So far, so Guy Ritchie. Sweary gangster films are not exactly a rarity, and most of the ones I’ve seen are wearying and cynical. In Bruges is however blessed with a script written by experienced playwright Martin McDonagh and Lord is it good: witty, pithy, surprising, free of clunky exposition and overabounding with deathlessly quotable lines. The actor Ralph Brown was once asked in an interview why he thought Withnail & I (in which he appeared as Danny the drug dealer) had achieved such resounding cult status and he replied to the effect that it was probably because “there are no crap bits in it” – the same applies to In Bruges. The first time you watch it you get a kick from the turns of the plot, the arresting dialogue and the believable, if somewhat heightened, characters and a second viewing is required to catch the details you might have missed because you were laughing so much the first. Thereafter, you’re familiar with the shape of it and the pleasure is more to do with anticipation: every new scene has you leaning forward, thinking “ooh, this is a good bit” – there’s absolutely no padding or drag in the thing at all.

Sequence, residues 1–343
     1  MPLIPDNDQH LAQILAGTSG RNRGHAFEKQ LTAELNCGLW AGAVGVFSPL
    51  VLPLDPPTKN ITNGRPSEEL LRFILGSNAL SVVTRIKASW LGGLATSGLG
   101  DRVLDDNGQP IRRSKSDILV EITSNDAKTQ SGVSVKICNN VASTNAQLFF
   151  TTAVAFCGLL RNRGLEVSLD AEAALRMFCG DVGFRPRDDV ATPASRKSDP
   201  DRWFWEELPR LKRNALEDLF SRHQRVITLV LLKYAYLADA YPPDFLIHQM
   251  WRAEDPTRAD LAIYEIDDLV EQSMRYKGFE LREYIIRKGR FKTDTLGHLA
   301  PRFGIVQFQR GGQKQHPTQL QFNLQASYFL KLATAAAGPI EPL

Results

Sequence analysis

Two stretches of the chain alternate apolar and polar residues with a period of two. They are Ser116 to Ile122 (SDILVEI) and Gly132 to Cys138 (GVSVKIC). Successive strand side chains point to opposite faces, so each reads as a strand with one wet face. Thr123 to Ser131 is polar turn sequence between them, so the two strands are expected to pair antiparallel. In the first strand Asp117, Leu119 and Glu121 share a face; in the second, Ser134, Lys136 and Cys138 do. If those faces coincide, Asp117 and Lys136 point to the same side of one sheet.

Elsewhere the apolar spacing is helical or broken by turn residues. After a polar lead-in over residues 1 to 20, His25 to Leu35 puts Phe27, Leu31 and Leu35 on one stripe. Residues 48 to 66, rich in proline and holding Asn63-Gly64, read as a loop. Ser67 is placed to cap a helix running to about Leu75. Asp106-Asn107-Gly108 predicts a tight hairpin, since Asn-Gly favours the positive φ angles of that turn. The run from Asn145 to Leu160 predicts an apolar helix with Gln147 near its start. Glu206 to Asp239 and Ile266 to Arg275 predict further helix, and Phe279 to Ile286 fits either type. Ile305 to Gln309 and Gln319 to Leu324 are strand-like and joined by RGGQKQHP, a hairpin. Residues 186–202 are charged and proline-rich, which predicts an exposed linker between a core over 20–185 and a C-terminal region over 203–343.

It helps that the film is perfectly cast and that all the actors are up to the job of getting maximum mileage from the material they’re given. Colin Farrell’s CV is mixed to say the least (he’s often to be spotted in unappetising action films, seemingly as a low-rent substitute for Tom Cruise), but he nails the gormless, yet guilt-wracked, Ray perfectly. This character initially appears to be three parts naive thrill-seeker to one part sleekly efficient thug, but as the film progresses his inner turmoil is gradually exposed, and Farrell must be given credit for gaining the audience’s sympathy. In contrast, Brendan Gleeson cuts a reliable and avuncular figure as Ken, the voice of reason who appreciates the value of keeping one’s head down, but again this character is also eventually revealed to have a difficult inner conflict that will require a hard decision. The third lead is Ralph Fiennes’s ruthless and rat-like overlord Harry, who isn’t actually seen on screen until the second half of the film, but whose presence is felt throughout via an escalation of intimidating phone calls and messages. Harry could easily have been a one-note cliché, a variation on the terrifying Ben Kingsley psychopath from Sexy Beast, but yet again he’s given a moral framework, one that he’s bound to operate within despite the potentially extreme consequences to himself. This sense that the characters in the film are all following their own codes of honour, even if those codes are in some cases demonstrably warped, is one of the main factors that lift In Bruges above all the other possibly diverting, but ultimately empty, gangster flicks out there.